2. Elevation and Gradient: Allow enough clearance, and gradient for a bucket or water container to collect the liquid that drains from the farm
– Worm Liquid Fertiliser is fabulous for giving new plants and gardens a nutrient boost
–Place rocks over and around drain hole to prevent weight of worm bed contents block in the drain
|shade cloth lining|
–Line Container with shade cloth which acts as a filter preventing worm bedding and castings from washing down the drain
–Lay wet newspaper two sheets thick over the shade cloth- also a filter
–One block of Peat Moss or Coco Peat when hydrated should expand and fill one entire Wheel barrow (approximately 90L)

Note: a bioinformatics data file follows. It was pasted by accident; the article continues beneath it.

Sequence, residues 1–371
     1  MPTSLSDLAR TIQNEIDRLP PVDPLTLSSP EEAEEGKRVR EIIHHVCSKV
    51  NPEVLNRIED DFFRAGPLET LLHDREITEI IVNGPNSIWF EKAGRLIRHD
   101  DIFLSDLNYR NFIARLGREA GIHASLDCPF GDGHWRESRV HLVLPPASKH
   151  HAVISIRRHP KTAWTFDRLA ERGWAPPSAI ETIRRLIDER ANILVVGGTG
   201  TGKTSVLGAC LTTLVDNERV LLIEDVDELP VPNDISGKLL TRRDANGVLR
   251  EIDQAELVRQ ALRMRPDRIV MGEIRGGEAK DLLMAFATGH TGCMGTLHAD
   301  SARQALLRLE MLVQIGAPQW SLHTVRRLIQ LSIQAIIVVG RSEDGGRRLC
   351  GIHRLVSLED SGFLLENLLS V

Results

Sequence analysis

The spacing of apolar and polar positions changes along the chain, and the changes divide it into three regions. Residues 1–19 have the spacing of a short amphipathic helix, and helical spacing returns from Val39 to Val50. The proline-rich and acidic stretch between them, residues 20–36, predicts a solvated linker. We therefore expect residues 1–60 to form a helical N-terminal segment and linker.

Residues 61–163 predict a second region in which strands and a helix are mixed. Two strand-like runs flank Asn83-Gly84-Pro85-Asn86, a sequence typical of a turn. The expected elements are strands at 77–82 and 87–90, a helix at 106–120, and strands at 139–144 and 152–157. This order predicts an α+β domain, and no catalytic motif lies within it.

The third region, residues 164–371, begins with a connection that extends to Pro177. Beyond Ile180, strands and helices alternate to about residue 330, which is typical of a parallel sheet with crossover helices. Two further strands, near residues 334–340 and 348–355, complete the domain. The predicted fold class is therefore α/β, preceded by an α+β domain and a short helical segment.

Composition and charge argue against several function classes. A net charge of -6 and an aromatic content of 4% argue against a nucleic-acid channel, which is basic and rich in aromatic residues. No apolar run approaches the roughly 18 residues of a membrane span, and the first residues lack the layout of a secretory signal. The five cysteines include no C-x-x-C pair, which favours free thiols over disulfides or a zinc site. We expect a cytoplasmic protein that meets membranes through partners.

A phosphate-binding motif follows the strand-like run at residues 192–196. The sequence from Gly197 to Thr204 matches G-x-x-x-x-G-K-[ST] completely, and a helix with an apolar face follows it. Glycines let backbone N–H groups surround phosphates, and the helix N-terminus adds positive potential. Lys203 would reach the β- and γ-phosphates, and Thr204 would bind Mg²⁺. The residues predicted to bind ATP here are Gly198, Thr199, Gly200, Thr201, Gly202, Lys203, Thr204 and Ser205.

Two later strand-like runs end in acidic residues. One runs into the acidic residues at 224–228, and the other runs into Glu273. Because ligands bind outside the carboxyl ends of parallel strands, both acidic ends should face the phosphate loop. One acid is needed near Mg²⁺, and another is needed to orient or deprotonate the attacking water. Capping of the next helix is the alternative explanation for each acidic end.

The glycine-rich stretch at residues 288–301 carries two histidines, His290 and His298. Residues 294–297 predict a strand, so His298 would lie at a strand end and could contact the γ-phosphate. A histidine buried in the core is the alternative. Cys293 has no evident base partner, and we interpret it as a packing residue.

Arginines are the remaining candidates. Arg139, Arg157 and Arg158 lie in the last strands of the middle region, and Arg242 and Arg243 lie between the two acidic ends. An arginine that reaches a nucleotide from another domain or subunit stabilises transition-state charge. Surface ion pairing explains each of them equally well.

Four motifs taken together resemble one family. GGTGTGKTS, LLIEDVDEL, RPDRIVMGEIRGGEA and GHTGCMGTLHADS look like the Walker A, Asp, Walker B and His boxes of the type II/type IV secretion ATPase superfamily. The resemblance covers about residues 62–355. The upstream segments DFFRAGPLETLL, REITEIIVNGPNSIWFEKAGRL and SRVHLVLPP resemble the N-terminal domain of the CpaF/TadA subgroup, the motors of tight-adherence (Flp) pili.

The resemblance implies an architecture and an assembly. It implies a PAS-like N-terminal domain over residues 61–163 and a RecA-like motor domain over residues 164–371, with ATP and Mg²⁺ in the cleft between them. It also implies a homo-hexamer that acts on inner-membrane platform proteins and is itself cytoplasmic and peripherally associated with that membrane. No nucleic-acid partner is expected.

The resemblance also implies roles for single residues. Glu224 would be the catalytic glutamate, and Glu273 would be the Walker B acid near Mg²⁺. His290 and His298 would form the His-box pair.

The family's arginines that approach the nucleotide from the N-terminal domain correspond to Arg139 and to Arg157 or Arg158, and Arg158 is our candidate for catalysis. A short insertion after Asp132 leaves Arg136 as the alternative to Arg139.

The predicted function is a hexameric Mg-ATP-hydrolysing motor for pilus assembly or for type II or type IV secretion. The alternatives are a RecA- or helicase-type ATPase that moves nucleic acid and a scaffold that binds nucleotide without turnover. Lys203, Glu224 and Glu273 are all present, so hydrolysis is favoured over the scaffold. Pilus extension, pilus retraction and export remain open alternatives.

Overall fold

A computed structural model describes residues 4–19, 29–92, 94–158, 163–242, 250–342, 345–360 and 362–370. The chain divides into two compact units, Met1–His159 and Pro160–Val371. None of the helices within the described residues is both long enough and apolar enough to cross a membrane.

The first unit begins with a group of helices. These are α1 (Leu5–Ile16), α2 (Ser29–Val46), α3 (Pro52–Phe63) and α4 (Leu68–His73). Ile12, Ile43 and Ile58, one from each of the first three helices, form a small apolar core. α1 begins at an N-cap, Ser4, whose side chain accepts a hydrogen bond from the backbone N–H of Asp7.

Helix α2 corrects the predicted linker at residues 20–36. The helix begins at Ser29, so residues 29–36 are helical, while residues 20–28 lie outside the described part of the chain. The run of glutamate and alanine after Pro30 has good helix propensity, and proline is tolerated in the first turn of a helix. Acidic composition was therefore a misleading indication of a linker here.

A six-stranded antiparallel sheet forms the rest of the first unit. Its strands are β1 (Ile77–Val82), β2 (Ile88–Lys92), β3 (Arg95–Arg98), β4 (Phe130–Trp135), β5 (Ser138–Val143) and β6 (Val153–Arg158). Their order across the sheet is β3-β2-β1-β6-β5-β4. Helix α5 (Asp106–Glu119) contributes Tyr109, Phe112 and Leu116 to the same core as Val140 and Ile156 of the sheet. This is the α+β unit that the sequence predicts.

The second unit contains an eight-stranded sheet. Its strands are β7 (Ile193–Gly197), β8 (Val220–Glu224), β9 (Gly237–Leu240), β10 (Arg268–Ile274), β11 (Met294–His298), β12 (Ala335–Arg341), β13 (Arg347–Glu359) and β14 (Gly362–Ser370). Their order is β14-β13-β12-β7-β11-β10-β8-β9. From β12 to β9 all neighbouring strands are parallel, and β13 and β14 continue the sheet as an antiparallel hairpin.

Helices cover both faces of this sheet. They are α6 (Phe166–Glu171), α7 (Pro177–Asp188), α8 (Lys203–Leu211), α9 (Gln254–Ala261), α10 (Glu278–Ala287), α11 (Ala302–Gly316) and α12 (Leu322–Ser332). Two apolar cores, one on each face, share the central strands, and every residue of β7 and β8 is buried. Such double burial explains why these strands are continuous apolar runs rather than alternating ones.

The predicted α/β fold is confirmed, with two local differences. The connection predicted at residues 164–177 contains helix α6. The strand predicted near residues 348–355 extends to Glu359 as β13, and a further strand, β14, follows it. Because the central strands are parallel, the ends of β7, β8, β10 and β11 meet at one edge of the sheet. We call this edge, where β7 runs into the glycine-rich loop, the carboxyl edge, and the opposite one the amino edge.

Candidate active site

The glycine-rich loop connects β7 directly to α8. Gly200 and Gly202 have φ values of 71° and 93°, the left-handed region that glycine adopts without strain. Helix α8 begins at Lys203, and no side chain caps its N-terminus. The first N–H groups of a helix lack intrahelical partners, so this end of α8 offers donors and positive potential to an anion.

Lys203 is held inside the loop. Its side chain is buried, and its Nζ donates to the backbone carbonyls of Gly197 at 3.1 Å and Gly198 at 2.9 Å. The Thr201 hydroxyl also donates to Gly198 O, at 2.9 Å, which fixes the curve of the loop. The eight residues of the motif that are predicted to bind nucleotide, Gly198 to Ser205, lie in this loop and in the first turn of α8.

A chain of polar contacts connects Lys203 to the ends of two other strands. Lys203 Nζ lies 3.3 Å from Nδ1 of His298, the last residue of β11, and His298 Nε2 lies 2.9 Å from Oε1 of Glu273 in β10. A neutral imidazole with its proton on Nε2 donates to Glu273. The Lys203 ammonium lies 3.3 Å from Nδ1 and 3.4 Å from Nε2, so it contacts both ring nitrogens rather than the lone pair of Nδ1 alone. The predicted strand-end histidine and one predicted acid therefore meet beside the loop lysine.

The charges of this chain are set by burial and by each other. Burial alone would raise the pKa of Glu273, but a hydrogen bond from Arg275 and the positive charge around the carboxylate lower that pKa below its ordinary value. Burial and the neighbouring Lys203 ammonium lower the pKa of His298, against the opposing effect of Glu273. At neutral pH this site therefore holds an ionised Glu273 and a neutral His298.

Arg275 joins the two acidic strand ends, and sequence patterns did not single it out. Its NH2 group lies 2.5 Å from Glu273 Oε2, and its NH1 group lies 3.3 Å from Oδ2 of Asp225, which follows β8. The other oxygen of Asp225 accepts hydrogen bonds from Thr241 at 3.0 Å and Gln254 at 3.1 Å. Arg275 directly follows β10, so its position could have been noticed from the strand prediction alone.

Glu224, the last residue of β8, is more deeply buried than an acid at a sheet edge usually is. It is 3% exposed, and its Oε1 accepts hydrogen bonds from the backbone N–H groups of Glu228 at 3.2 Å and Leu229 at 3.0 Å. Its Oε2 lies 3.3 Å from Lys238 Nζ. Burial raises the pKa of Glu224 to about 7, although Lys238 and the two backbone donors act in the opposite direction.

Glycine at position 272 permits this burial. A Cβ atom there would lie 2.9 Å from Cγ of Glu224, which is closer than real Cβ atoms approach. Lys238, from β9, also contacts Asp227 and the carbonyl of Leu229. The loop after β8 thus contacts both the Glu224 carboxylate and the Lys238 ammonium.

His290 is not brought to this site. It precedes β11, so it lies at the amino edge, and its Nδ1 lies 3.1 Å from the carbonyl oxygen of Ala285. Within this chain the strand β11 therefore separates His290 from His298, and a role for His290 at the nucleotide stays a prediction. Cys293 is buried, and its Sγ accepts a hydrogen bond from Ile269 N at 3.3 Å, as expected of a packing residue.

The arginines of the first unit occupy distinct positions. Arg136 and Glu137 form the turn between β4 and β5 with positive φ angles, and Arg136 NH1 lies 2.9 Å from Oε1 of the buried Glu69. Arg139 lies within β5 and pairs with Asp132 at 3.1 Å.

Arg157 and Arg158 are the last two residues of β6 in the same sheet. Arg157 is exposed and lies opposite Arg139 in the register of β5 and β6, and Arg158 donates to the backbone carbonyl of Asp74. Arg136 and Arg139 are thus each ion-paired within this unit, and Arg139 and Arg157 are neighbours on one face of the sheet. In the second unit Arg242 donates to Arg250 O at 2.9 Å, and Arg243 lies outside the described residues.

–Lay the moist peat moss over the newspaper to a depth of 4- 5 inches, or a hand span (finger tips to wrist)
–Options: Straw, hay or shredded newspaper may be used if peat moss is unavailable **Worms may be left, covered, on top of peat moss without additional food for a couple of days to de-stress, acclimatise and develop an appetite
5. Worm Layer
–If possible spread 1kg of worms on top of peat moss
** If intending to acclimatise worms for few days, cover with wet Cardboard Blanket, Carpet and Shade Cloth (Step 9&10)
|manure layer (sheep manure in picture)|
6. Manure layer
–If fresh manure is used, mix with chopped up hay or chemical free sawdust
–If dried, soak in water before layering over worms
–Use preferably aged manure